Two roseate tern chicks were born at The Skerries, a group of small rocky islets close to Anglesey in north Wales, during the summer and both of the chicks has now fledged – the first chicks to do so since 2006.
“We are ecstatic with news of roseate terns returning to breed on The Skerries,” says Daniel Piec, manager of the Roseate Tern LIFE Recovery Project. “The work undertaken on the islands over previous years has been key to attracting them back.”
This involved extending the wardening season on The Skerries, strategically placing nestboxes on the islands, placing hand-made decoys, and lures playing roseate tern calls.
Roseate terns are a rare breeding bird in the UK, with only 116 breeding pairs (excluding the recent pair at The Skerries) restricted to Coquet Island in northeast England.
They were once widespread across Wales but because their plumage was prized for fashionable hats, they almost became extinct in the 19th century.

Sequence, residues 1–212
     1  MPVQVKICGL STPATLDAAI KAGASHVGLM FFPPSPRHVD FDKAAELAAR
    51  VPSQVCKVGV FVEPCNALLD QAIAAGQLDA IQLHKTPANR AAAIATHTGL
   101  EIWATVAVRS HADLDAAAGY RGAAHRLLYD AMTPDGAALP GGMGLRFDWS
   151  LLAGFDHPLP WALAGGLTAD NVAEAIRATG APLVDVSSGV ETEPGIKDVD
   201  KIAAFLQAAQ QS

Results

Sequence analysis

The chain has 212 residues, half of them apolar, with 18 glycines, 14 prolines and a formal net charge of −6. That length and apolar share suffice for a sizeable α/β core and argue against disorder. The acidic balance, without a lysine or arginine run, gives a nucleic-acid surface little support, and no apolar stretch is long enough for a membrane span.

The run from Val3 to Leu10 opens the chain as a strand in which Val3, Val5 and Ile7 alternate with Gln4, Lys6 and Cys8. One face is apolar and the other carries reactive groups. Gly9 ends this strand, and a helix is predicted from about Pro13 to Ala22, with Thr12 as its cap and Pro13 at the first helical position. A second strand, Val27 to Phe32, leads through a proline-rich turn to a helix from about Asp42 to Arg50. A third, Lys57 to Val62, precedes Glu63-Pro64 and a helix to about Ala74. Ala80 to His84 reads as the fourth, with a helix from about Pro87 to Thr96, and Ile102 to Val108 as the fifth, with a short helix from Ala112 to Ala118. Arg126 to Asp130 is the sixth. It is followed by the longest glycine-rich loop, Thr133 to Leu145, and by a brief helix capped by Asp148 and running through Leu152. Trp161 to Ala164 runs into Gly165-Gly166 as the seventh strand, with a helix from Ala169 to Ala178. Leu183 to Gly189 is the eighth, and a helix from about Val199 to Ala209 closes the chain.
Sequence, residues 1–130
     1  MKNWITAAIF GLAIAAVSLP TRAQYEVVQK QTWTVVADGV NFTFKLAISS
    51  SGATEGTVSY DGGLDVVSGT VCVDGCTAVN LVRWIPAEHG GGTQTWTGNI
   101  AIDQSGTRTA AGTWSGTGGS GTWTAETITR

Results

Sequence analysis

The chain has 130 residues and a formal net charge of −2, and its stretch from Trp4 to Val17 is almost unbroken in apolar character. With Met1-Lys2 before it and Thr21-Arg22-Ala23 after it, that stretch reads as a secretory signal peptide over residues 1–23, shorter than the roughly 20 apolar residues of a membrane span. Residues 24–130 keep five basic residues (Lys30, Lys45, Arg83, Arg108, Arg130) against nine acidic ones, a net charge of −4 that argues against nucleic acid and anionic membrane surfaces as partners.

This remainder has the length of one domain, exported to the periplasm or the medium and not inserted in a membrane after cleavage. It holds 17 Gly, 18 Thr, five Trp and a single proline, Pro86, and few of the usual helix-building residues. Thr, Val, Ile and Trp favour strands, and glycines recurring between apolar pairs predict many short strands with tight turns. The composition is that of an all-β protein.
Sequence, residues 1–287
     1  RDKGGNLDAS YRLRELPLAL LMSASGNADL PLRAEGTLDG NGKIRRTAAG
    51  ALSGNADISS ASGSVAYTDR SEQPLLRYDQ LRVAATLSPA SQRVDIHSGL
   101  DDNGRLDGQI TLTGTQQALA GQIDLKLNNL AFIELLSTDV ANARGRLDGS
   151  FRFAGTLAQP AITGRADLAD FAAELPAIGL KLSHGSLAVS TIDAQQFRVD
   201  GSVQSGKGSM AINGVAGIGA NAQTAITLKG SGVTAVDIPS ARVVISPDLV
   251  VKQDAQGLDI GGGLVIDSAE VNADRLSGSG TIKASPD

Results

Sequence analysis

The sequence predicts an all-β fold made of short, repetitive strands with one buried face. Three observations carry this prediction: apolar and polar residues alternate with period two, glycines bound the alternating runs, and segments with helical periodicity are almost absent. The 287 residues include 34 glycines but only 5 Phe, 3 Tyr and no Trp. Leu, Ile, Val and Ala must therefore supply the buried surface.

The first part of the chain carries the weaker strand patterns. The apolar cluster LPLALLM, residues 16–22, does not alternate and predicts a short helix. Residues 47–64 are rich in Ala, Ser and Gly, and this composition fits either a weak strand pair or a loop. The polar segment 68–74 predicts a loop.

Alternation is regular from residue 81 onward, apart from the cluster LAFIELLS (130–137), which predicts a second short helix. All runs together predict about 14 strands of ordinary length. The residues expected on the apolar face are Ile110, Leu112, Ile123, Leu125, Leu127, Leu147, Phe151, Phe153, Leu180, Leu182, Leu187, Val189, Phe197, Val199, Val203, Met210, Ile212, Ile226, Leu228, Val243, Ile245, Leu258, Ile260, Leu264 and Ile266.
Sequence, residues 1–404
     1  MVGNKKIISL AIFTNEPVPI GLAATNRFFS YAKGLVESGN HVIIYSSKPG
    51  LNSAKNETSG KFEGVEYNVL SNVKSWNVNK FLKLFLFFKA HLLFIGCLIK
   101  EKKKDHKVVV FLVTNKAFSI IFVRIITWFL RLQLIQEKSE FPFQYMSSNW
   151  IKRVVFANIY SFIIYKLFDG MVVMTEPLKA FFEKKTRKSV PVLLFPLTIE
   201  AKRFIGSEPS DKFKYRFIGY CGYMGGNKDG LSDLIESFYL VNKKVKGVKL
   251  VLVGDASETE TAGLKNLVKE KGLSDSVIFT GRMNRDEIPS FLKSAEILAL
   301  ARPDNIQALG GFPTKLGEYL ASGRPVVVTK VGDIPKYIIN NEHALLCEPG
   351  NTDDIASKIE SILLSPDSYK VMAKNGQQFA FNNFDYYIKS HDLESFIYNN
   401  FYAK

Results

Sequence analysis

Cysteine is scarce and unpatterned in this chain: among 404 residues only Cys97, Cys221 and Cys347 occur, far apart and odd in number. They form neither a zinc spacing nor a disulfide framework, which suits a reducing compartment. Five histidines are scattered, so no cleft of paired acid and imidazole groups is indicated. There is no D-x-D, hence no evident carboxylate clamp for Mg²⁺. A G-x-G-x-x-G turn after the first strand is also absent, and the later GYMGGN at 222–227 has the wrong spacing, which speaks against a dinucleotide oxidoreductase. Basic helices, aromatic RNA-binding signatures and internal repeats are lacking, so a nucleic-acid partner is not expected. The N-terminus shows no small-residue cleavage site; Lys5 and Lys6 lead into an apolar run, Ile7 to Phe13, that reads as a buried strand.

Roseate terns breed at Coquet Island in northeastern England. © RSPB Images
“In 2016, one pair bred [at The Skerries] but did not fledge any young,” says RSPB Cymru warden Ian Sims. “Whilst in 2003, two pair bred but failed to fledge any young. We are optimistic of attracting more terns in the future.”
Conservationists from the RSPB, Birdwatch Ireland and the North Wales Wildlife Trust are working together to improve the fate of roseate terns in Wales and Ireland, through a five year EU-funded project.
The project will also attempt to create suitable nesting sites for roseate terns across the UK and Ireland.